On these spring 2001 pirate tapes, there's hardly any R&B diva tunes, and every other track features very Lunndunn-sounding MCs or ragga-flavored vocals, over caustic acid-riffs and techsteppy sounds, like some latterday Dillinja production. Unlike with techstep or recent d&b, there's very little distorto-blare in the production, there's this typically 2step clipped, costive feel, an almost prim and dainty quality to the aggression-- a weird combo of nasty and neat-freak. 


Lyrically, the vibe seems to be similarly pinched in spirit, a harsh, bleak worldview shaped subconsciously by the crumbling infrastructural reality beneath New Labour's fake grin; UKG seems to be already transforming itself from boom-time music to recession blues. The Englishness of the vocals reminds me of 3 Wizemen Men and that perpetual false-dawn for UK rap.


Lots of killer tunes I can't identify, but one in particular stood out that I could: "Know We" by Pay As U Go Kartel. 


As I say, quite mean-minded and loveless music but sonically very exciting-- a new twist if not quite paradigm shift from the hardcore continuum.



And here's what I wrote about "Know We" (and Roll Deep's "Terrible") for the Grime Primer in The Wire, 2005:


Pay As U Go Kartel
"Know We"
Solid City 2001
Wiley and Roll Deep
"Terrible"
Solid City 2001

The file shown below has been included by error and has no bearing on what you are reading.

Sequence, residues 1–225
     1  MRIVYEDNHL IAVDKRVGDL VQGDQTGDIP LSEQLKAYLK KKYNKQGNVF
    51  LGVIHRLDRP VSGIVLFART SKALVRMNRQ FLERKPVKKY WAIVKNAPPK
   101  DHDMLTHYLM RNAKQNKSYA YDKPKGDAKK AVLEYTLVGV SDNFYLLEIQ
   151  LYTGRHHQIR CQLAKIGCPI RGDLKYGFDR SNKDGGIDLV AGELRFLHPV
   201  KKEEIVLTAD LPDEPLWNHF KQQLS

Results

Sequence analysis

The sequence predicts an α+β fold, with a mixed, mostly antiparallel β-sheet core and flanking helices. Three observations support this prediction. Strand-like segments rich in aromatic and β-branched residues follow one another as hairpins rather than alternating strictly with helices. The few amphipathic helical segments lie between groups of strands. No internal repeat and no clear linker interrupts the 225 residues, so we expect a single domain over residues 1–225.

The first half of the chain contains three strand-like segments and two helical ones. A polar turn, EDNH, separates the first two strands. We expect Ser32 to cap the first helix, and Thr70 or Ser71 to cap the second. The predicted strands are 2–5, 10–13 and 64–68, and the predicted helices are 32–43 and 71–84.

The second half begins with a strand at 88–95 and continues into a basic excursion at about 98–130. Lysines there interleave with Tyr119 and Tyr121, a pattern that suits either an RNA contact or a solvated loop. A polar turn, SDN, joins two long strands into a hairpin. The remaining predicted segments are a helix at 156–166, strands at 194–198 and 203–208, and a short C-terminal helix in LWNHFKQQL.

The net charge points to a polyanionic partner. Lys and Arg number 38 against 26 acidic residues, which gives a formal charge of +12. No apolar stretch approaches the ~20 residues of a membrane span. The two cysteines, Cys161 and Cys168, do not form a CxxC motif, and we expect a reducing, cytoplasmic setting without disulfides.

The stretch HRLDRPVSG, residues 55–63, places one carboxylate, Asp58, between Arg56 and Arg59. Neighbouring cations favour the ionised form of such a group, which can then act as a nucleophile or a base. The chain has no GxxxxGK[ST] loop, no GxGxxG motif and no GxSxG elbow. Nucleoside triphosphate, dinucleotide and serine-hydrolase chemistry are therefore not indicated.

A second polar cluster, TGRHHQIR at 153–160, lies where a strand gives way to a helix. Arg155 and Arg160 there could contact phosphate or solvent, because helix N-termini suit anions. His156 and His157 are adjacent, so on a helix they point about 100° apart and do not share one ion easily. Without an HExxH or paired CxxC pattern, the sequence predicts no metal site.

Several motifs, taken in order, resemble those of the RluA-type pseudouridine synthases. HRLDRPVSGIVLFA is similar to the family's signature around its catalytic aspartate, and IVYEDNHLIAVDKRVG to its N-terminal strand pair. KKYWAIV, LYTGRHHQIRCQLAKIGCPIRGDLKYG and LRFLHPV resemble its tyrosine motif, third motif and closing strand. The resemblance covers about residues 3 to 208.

Circulating on dubplate as early as 1999, "Know We" was in constant pirate rotation by the time of its 2001 release, alongside chip-off-the-same-block track "Terrible". Both are back to basics affairs: simple programmed beats, in each case adorned with the solitary hook of a violin flourish, functioning purely as a vehicle for the MCs. Another striking shared characteristic is the use of the first person plural. Each MC bigs up himself when it's his turn on the mic, but at the chorus individualism is subsumed in a collective thrust for prestige. "Now we're going on terrible," promise/threaten Roll Deep, and they don't mean they're about to give a weak performance. 'Roll deep' itself means marauding around town as a mob. But there's a hint of precariousness to Pay As U Go's assertions of universal renown. The sense of grandeur is latent; they're not stars yet. What does come through loud and clear on both tracks is the hunger. "Terrible" starts with a Puff Daddy soundbite: "sometimes I don't think you motherfuckers understand where I'm coming from, where I'm trying to get to." Both the PAUG and Roll Deep tracks were produced by a young prodigy named Wiley, whose catchphrase back then was "they call me William/I'm gonna make a million". Roll Deep are Grime's NWA (its ranks have included such luminaries as Dizzee Rascal, Riko, Flow Dan, Trim, and Danny Weed), with Wiley as its Dr Dre. If he's yet to make that first million, this human dynamo must surely have released close to that number of tracks these last four years.